The Relationship Between Exercise & Sleep

Posted by Andrew Jacobs on

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Exercise and sleep are two separate natural human activities that have long been studied to understand their benefits. While sleep allows for your body to recharge so that you can maximise your performance the following day, exercise keeps you fit and healthy so that you can complete physical tasks with ease. However, these two functions share a relationship that provides great outcomes for humans.


Both go above and beyond their definitions - while sleep does the obvious and helps your level of alertness, it has a host of other benefits, including reduced risk of certain diseases like heart disease. The same thing can be said about exercise, so put them both together and you’re on the right track to better health. Studies across the world have recognised the benefits that exercise can have on sleep and we’ll take a closer look at some of these below.


Reduce time it takes to fall asleep


Not only does exercise keep you energised throughout the day and mitigate daytime sleepiness, but it can also reduce sleep onset. This is the time it takes for you to fall asleep when you go to bed, which is of course made all the more easier with an OTTY, but by doing exercise too can also cause the time you lay there waiting to fall asleep significantly shorter. 


Though, if you do attempt to engage in physical exercise too close to your bedtime, you mind find it has the opposite effect as exercise can increase your feelings of awakeness. That’s why, in order to benefit from better sleep via exercise, it’s best to exercise in the morning or afternoon. This can differ for some people though, so if you find that exercising late at night doesn’t impact the time it takes for you to fall asleep, then by all means, continue to do so.


Increase sleep quantity


While exercise increases your heart rate and allows you to feel energised throughout the day, it works alongside your circadian rhythm, which is essentially your body clock, to prompt tiredness in the evening. This is simply because you have expended energy throughout the day which causes your body to feel restful in the evening. As a result, you may find that you’re able to get to sleep earlier than usual, resulting in a longer night's sleep that reaches the recommended target of 7-9 hours of sleep per night.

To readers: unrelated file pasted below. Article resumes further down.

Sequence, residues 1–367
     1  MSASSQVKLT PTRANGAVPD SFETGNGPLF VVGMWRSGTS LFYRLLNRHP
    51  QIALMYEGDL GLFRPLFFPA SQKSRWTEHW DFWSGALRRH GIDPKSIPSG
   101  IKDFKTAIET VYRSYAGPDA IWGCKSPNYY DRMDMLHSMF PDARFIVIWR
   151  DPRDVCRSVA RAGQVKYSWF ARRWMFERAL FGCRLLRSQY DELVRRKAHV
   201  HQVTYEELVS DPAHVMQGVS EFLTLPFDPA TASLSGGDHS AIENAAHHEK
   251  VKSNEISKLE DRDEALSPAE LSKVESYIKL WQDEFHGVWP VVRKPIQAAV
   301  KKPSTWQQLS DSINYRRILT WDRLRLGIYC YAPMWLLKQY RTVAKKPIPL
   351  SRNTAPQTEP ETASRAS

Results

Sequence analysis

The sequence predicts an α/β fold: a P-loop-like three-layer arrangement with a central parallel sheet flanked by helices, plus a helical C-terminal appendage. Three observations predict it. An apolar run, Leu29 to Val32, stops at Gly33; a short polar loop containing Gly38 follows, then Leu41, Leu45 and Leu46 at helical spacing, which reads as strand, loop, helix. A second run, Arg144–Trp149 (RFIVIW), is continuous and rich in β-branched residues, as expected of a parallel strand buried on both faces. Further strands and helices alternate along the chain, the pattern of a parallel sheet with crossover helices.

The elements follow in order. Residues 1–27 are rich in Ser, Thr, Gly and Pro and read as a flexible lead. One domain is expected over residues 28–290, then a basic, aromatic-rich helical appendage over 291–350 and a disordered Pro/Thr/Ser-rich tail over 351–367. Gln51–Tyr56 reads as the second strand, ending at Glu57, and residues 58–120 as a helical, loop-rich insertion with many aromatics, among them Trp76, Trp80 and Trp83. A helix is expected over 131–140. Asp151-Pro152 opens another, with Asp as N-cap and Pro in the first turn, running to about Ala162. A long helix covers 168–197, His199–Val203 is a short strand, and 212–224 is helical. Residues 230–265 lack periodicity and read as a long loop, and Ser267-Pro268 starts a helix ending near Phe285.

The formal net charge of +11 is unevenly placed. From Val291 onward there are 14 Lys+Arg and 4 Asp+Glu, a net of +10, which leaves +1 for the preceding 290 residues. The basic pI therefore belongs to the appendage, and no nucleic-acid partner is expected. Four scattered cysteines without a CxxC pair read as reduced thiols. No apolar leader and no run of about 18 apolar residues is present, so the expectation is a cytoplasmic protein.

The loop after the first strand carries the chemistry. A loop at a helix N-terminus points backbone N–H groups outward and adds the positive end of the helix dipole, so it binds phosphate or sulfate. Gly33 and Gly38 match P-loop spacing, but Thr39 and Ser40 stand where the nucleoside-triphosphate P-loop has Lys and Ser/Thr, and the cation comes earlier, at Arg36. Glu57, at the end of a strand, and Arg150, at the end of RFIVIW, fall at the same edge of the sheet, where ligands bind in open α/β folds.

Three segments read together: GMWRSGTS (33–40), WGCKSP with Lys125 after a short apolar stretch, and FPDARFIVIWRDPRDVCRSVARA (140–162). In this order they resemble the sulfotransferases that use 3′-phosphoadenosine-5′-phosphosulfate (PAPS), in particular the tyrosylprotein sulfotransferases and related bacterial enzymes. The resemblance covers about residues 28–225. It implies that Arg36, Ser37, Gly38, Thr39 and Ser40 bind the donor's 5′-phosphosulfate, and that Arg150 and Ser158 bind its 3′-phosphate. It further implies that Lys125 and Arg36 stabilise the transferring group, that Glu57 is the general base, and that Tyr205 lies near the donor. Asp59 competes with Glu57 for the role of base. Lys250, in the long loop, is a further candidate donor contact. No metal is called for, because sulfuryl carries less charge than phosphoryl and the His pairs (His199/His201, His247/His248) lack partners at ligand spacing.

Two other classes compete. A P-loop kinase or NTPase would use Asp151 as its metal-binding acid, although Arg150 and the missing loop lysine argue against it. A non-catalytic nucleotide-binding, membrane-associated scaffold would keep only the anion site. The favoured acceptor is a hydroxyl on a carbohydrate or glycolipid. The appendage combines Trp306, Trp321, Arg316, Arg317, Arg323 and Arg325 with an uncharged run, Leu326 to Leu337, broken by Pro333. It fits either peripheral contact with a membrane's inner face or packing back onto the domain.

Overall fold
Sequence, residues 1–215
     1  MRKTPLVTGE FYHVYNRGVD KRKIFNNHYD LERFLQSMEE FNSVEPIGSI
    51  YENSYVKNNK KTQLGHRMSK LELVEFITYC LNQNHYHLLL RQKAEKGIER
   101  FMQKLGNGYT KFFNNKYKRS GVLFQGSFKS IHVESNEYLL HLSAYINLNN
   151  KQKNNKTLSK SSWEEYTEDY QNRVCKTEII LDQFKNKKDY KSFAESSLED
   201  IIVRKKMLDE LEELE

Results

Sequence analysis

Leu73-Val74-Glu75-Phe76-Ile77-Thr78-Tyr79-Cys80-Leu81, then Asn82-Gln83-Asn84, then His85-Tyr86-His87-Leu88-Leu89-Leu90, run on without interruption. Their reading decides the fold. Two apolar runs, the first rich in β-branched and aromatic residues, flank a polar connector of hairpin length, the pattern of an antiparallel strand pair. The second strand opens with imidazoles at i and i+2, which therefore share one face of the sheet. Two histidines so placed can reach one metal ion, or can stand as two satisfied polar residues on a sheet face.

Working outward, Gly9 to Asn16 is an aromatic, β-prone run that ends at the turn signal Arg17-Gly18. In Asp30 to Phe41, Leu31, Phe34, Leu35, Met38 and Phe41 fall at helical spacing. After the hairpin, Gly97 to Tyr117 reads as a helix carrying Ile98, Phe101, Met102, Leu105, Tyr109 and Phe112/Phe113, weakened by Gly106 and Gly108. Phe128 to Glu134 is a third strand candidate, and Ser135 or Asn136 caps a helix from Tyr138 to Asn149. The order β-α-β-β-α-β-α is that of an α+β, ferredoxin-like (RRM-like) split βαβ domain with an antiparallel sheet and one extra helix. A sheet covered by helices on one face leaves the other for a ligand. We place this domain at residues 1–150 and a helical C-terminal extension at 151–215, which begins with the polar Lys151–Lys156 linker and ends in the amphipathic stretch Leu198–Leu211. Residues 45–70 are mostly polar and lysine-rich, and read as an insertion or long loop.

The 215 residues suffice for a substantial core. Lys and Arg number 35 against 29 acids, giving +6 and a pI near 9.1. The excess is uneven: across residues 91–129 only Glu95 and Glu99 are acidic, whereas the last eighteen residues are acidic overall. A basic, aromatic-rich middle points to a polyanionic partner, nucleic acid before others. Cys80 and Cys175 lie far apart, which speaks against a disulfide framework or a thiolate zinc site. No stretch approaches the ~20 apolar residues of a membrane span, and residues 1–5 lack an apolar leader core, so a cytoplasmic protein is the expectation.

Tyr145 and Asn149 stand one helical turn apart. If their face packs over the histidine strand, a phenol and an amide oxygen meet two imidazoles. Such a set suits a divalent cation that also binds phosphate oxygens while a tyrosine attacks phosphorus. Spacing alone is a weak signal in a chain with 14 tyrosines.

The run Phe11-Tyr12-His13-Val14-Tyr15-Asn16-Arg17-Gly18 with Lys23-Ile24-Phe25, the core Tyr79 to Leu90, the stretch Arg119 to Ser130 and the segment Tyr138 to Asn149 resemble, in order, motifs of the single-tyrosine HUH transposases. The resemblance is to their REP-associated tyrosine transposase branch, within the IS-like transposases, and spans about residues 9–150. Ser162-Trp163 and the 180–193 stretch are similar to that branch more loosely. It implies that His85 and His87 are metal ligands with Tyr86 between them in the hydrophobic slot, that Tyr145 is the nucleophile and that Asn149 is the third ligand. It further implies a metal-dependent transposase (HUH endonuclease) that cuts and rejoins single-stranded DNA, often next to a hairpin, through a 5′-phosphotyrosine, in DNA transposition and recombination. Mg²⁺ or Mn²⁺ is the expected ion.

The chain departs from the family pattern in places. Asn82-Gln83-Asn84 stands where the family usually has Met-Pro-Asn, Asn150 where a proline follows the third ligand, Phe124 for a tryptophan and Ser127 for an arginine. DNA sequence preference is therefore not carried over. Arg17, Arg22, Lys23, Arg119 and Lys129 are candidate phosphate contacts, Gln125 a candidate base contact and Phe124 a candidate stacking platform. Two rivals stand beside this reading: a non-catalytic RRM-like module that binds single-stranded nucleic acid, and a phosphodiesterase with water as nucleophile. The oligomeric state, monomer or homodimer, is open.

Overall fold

Reduce stress levels for increased relaxation


Exercise has also been shown to reduce levels of stress which can lead to better sleep because your mind isn’t in overdrive when it comes to your all important shut eye. In particular, calming exercises like Yoga or Pilates have been shown to reduce cortisol levels, which is the stress hormone, alleviating symptoms of anxiety. Since sleep can be affected by stress as it can cause trouble falling asleep and create disturbed sleep, engaging in exercise can be a great way to relax your mind and body in order to prepare for a good night's rest.


Help those with sleep disorders


Research has also shown that exercise can help with sleep disorders including insomnia and sleep apnea. Since disorders like sleep apnea have been linked to obesity, taking part in exercise has been shown to improve sleep via improvements physically, such as breathing. This means that by tackling your physical health, you’ll also be tackling your sleep health - and who doesn’t want better sleep?

All in all, while exercise is of course promoted for its physical health benefits, it indirectly has an impact on sleep so can improve the quality of your health overall. This is just one of many ways you can promote better sleep and if it brings us one step closer to dreamland, then we’re in.